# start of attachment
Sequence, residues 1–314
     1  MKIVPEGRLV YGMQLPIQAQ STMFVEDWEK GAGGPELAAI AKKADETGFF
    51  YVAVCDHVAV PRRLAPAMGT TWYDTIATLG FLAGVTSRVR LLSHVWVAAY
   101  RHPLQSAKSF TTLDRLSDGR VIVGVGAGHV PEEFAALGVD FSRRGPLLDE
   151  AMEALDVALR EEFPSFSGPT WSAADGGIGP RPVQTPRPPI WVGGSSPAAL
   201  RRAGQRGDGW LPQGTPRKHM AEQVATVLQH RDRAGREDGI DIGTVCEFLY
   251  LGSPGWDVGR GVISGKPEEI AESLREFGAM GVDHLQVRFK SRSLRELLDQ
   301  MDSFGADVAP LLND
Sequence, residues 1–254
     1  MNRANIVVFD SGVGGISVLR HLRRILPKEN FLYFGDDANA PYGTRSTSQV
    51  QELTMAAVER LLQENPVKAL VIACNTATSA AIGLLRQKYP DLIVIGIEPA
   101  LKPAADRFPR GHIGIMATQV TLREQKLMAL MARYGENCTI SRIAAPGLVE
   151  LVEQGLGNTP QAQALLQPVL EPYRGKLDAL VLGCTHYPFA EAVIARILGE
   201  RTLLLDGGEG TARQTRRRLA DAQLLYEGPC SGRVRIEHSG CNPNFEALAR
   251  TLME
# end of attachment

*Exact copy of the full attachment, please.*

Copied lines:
Sequence, residues 1–314
     1  MKIVPEGRLV YGMQLPIQAQ STMFVEDWEK GAGGPELAAI AKKADETGFF
    51  YVAVCDHVAV PRRLAPAMGT TWYDTIATLG FLAGVTSRVR LLSHVWVAAY
   101  RHPLQSAKSF TTLDRLSDGR VIVGVGAGHV PEEFAALGVD FSRRGPLLDE
   151  AMEALDVALR EEFPSFSGPT WSAADGGIGP RPVQTPRPPI WVGGSSPAAL
   201  RRAGQRGDGW LPQGTPRKHM AEQVATVLQH RDRAGREDGI DIGTVCEFLY
   251  LGSPGWDVGR GVISGKPEEI AESLREFGAM GVDHLQVRFK SRSLRELLDQ
   301  MDSFGADVAP LLND
Sequence, residues 1–254
     1  MNRANIVVFD SGVGGISVLR HLRRILPKEN FLYFGDDANA PYGTRSTSQV
    51  QELTMAAVER LLQENPVKAL VIACNTATSA AIGLLRQKYP DLIVIGIEPA
   101  LKPAADRFPR GHIGIMATQV TLREQKLMAL MARYGENCTI SRIAAPGLVE
   151  LVEQGLGNTP QAQALLQPVL EPYRGKLDAL VLGCTHYPFA EAVIARILGE
   201  RTLLLDGGEG TARQTRRRLA DAQLLYEGPC SGRVRIEHSG CNPNFEALAR
   251  TLME